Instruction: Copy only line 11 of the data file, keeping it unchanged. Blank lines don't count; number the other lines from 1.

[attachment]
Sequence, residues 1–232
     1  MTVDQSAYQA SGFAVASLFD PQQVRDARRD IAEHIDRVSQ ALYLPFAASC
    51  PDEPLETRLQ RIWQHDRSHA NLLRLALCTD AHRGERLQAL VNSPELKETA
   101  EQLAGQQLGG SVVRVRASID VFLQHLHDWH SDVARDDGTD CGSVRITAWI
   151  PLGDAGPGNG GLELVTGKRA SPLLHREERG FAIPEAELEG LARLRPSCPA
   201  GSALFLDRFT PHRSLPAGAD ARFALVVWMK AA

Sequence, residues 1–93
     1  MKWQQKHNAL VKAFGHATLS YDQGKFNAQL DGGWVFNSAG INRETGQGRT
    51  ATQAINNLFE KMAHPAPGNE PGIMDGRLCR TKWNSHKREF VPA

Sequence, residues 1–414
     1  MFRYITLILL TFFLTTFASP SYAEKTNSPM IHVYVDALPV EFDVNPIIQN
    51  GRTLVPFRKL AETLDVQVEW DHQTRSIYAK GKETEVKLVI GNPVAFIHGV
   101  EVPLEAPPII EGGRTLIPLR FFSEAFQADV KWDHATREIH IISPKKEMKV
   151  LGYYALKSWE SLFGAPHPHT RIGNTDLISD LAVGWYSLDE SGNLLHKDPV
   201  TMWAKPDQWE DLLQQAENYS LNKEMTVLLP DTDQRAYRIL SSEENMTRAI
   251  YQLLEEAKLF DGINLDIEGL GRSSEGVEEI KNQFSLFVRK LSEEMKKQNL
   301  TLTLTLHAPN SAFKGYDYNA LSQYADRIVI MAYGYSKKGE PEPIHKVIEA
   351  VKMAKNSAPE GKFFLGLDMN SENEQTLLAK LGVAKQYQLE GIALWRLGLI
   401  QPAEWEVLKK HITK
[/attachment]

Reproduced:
     1  MFRYITLILL TFFLTTFASP SYAEKTNSPM IHVYVDALPV EFDVNPIIQN